On June 6th, the Senate opened debate on the Economic Development Revitalization Act of 2011, a bill to reauthorize and expand a long-running and consistently successful job-creation agency, the Economic Development Administration. The EDA has traditionally enjoyed bipartisan support, and this reauthorization bill was introduced with bipartisan co-sponsorship and passed out of committee without any dissent from Republicans. But after two weeks of debate, the bill was unanimously filibustered by Republicans and has been pulled from the floor.Read Full Article
As you may have noticed in my preview post this morning, the Republican leadership is doing something few House leaders ever do -- opening up one of their bills to several floor amendments from the minority party and none from their own party. The Rules Committee last week decided that one of the Republicans' oil drilling bills, the H.R.1229 (a.k.a. the "Putting the Gulf of Mexico Back to Work Act") would be debated under a structured rule that makes in order eleven Democratic amendments for votes and ten minutes of debate each. Below is a rundown of the amendments that will be voted on -- I'll update with vote results when they are posted:Read Full Article
The open amendment process that House Republicans used to create their 2011 budget bill had its benefits. For example, it allowed a bipartisan group of rank-and-file Reps. to stand against party leadership and strip out funding for a costly alternative engine program for a fighter jet that the Air Force itself says is unnecessary. On the other hand, it gave members who were looking to fulfill promises to powerful political interests a platform to do so. The policy riders that were added to the budget bill are keeping Congress bogged down with stopgap funding to keep the government from shutting down and preventing them from engaging in serious negotiations over funding levels for the rest of the year. That in turns means there's no time to work on other important issues, like job creation and long-term debt reduction.Read Full Article
House Republicans have now lost three straight attempts to pass bills in the past 24 hours.
As you've probably heard already, last night the Republican leadership was caught off guard when 26 of their rank-an-file members joined the Democrats to reject an attempt to extend the PATRIOT Act provisions under an expedited procedure, known as "suspension of the rules," that limits debate and does not allow amendments to be offered. Before that vote, the leadership was forced to pull another bill from the floor that would have provided job training to people who have lost their jobs due to trade issues when it became clear that they didn't have the votes to pass it under the same procedure they tried for the PATRIOT Act bill.Read Full Article
The Democrats' cave-in on reforming the filibuster in the Senate appears to be complete. According to reports, Senate Rules Committee Chairman Sen. Chuck Schumer [D, NY] is bringing a proposal to his fellow Democrats this afternoon that would do nothing to address the recent explosion in senators using procedural rules to kill bills just by threatening to filibuster. It apparently includes three minor changes in the Senate rules and is accompanied by a gentlemen's agreement to start behaving more reasonably, sometimes. Here's what's in it.Read Full Article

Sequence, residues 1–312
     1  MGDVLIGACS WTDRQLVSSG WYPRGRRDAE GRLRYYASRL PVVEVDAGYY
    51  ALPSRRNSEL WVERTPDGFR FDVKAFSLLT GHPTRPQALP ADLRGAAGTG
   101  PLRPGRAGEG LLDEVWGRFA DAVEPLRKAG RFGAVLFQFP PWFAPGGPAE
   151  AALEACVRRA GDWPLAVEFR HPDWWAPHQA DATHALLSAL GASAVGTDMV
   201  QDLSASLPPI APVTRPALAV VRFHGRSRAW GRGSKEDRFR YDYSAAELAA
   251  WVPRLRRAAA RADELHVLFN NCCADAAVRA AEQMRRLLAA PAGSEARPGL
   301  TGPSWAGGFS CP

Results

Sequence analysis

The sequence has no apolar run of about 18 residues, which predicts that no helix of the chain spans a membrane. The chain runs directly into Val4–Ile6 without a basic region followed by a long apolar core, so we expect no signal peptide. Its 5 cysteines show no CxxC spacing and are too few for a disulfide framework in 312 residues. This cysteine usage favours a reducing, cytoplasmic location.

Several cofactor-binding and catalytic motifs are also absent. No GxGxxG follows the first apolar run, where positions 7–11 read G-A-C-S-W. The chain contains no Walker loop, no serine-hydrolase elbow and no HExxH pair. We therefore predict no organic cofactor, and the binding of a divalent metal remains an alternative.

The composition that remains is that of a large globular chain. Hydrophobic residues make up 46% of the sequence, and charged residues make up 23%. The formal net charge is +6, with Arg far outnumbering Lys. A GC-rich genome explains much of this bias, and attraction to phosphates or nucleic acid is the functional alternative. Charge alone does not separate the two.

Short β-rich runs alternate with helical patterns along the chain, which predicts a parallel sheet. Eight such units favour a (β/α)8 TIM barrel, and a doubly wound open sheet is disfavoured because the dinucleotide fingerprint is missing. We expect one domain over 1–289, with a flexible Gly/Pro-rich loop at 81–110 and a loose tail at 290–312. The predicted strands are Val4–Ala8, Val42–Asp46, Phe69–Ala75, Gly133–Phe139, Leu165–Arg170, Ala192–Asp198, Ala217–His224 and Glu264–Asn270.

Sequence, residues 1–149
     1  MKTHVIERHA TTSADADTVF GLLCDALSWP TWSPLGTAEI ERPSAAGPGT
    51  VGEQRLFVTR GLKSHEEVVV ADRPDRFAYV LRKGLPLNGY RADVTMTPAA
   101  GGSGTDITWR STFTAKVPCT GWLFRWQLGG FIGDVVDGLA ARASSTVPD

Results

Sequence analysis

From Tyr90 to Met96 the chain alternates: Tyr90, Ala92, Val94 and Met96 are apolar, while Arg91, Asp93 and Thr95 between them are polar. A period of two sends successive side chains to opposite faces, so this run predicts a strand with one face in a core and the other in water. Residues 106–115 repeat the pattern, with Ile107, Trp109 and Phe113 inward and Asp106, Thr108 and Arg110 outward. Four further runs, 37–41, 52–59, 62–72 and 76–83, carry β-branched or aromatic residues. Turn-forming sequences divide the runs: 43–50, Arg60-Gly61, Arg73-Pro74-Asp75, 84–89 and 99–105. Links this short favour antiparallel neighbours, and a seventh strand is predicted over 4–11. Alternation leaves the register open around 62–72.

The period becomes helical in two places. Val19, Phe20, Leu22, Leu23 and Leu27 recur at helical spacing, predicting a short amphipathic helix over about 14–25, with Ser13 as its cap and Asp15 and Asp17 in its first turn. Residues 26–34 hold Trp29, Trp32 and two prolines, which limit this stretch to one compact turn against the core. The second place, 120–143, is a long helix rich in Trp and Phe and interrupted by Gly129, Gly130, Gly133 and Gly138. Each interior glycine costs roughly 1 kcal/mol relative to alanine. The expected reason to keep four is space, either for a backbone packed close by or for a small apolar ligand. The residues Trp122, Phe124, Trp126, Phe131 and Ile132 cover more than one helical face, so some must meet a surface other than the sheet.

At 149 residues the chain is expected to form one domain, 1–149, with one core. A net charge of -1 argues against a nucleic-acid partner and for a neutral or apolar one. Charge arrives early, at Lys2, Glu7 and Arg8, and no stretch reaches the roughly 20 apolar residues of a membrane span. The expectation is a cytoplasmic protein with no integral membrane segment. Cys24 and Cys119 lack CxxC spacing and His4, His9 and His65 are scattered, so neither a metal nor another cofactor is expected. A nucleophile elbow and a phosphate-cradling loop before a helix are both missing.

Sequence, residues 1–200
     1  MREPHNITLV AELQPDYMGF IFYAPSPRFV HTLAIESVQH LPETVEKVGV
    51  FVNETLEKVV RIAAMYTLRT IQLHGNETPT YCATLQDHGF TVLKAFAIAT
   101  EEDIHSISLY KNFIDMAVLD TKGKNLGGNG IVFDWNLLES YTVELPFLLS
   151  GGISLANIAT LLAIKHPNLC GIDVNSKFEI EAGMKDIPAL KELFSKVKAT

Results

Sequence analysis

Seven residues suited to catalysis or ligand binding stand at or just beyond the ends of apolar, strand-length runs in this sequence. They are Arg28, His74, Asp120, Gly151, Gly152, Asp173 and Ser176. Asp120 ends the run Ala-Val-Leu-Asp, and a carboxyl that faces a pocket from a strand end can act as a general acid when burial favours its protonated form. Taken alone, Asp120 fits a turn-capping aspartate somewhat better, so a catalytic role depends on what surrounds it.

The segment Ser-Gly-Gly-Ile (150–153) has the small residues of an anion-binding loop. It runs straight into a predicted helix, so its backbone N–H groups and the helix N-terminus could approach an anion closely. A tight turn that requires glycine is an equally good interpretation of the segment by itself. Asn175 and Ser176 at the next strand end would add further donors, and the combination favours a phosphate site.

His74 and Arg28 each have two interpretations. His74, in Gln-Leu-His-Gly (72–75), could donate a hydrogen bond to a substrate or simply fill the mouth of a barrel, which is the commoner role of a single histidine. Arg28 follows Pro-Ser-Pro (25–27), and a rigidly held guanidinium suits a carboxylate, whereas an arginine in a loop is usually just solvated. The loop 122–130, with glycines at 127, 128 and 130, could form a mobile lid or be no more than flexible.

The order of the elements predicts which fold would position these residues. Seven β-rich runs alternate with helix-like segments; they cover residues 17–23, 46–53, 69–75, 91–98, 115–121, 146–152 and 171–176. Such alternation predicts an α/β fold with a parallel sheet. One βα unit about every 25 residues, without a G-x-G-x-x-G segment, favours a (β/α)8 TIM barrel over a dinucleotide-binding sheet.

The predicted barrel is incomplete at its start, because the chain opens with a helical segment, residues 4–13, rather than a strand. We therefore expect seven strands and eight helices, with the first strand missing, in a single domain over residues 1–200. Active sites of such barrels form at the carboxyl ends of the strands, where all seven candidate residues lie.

Senators Tom Udall [D, NM], Tom Harkin [D, IA] and Jeff Merkley [D, OR] have released an official outline of their filibuster reform package. As expected, it would force senators who want to filibuster to actually stand up and delay things instead of being able to filibuster by just threatening to delay. It would also eliminate filibusters on simply beginning debate of a bill, ensure that both parties can submit amendments and make it impossible for senators to put holds on bills without revealing their identity.
Check out the outline below, and let us know what you think of this reform package in the comments.Read Full Article
The Rules Committee meeting is still going on. But the biggest decision of the day has already been made. The Democrats have decided not to use the "self-executing rule," otherwise known as "deem and pass," and will instead hold a separate vote on passing the Senate health care bill.
This is a strong sign that Speaker Nancy Pelosi [D, CA-8] has more than enough votes for passing the health care bill on Sunday.Read Full Article
The House Committee on Rules meets at 10 a.m. ET today to craft the "rule" that will govern the big health care vote that is scheduled for Sunday in the House. The biggest question they'll have to tackle will be whether to use a "self-executing rule," which would allow the Democrats to deem the health care bill to be passed in the House without requiring them to take a stand-alone vote on it.
Here's your update on what to watch on Saurday as health care reform moves closer to the finish line.Read Full Article